Stock volatility expectations dropped by a record amount following the French election – in both the U.S. and in Europe.
As with prior geopolitical events over the past 12 months, equity volatility expectations really ramped up prior to last weekend’s election in France. Similar to the Brexit episode and the U.S. presidential election, traders were falling all over each other to add protection in the form of volatility hedges. Like those previous episodes, the stock market action hardly justified such a ramp in volatility expectations. In fact, as we detailed in a series on the VIX two weeks ago, the developments were, in a way, unprecedented given the relatively minor pullback in stocks. Nevertheless, traders apparently thought the election represented significant event risk.
As we saw with Brexit and the U.S. presidential election, though, the considerable volatility hedging necessarily lessened the event risk as it provided a substantial cushion to any potential post-event blow to the stock market. Such a cushion was demonstrated in the immediate aftermath of Brexit and the U.S. election as sharp losses were quickly erased. In this case, the hedges proved wholly unnecessary as global equity markets commenced an immediate a rally after the French election. As such, in a collective sigh of relief, the volatility hedges on both sides of the Atlantic were removed as quickly as they were built up. In some ways, this sigh of relief was also unprecedented. To wit:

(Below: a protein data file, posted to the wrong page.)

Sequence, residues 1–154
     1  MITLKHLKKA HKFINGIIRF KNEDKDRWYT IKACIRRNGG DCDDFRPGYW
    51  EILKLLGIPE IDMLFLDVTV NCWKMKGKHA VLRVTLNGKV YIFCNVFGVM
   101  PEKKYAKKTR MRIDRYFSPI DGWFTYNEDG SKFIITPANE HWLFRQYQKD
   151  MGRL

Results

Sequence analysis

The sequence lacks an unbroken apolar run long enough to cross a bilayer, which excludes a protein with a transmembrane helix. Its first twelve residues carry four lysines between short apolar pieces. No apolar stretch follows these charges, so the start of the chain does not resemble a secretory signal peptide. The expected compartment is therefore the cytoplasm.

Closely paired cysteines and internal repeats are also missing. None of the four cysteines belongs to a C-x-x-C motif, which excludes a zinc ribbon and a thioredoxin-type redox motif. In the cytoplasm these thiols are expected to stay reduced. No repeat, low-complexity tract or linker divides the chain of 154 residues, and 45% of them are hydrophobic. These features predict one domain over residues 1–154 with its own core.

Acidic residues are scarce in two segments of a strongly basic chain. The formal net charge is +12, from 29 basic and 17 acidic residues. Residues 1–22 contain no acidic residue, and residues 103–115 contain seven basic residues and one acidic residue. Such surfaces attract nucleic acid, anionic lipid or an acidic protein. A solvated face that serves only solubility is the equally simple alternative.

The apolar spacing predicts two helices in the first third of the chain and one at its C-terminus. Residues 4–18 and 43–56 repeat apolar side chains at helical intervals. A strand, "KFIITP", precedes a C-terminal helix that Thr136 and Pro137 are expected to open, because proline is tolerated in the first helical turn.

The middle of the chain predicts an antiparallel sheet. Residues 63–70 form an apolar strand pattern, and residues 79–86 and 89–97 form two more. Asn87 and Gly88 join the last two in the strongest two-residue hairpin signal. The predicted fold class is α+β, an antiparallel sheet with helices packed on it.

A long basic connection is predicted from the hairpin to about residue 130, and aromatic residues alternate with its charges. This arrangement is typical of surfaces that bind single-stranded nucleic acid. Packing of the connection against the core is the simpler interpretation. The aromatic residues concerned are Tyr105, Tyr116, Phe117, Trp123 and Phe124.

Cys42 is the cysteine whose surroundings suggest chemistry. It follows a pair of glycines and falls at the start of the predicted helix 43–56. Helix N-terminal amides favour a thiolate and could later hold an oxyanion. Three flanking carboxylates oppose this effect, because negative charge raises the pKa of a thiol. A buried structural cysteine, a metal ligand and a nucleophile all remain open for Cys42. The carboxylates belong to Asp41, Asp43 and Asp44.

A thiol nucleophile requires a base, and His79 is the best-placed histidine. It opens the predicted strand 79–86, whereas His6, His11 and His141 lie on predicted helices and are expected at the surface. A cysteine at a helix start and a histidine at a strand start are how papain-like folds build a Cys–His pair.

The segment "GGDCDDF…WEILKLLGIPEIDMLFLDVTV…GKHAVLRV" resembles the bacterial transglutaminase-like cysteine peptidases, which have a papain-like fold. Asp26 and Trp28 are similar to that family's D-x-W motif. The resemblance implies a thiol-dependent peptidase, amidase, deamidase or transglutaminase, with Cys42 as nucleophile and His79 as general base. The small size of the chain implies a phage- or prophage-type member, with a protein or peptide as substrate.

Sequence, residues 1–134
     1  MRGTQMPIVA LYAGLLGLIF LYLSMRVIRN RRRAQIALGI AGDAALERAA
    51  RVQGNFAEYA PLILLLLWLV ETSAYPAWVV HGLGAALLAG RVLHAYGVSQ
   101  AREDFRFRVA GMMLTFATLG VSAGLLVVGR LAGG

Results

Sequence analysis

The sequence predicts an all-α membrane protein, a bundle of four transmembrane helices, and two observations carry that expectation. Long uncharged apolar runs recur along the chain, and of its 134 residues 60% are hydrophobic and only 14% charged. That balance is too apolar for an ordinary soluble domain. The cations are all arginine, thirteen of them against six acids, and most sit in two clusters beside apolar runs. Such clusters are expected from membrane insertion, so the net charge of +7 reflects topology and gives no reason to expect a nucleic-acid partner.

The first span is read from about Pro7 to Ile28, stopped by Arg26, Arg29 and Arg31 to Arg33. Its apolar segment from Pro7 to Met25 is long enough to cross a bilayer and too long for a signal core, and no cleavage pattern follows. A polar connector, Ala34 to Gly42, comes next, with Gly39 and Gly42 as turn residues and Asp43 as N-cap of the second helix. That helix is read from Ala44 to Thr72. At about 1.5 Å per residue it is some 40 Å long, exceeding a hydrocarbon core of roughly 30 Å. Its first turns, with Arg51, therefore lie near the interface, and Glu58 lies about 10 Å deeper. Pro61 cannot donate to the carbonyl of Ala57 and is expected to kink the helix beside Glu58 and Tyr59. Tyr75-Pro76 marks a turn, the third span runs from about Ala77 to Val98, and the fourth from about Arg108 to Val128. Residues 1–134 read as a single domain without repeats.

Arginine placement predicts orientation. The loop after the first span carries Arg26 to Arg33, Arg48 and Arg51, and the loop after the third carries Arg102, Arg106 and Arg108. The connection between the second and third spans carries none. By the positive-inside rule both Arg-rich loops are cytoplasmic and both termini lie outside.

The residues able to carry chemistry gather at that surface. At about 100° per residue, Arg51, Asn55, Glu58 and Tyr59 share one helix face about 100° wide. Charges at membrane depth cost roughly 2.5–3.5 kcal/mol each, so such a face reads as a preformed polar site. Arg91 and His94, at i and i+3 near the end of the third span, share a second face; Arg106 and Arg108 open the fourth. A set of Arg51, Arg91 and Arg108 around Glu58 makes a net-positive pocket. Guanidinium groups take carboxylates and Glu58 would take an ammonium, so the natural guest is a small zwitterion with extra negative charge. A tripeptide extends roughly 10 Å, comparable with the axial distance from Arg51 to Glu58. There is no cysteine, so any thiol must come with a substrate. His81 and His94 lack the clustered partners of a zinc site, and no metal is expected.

In the U.S., Monday saw the largest daily decline (42%), on a percentage basis, in the 6-year history of the 9-day S&P 500 Volatility Index, or VXST.
Similarly, across the pond, the Volatility Index (VSTOXX) on the European STOXX 50 Index experienced the largest daily decline (35%) in its 12-year history.
The above charts display historical drops of similar magnitude in each of these instruments. However, as noted on the charts, there has been quite a variation in the conditions surrounding such drops, i.e., some occurred when the Volatility Indices were quite elevated and others when they were relatively low. At least historically, the prevailing conditions have made a difference in the forward returns in the S&P 500 and STOXX 50.
Our Premium Post on The Lyons Share examines how prevailing conditions have effected the impact of the Volatility plunge on returns in the S&P 500 and the STOXX 50 going forward – and by how much. The analysis may give us a better idea about which way stocks are likely to go following this recent signal. If you find the original research we share here interesting and helpful, we invite you to check out our “all-access” site, The Lyons Share.
Disclaimer: JLFMI’s actual investment decisions are based on our proprietary models. The conclusions based on the study in this letter may or may not be consistent with JLFMI’s actual investment posture at any given time. Additionally, the commentary provided here is for informational purposes only and should not be taken as a recommendation to invest in any specific securities or according to any specific methodologies. Proper due diligence should be performed before investing in any investment vehicle. There is a risk of loss involved in all investments.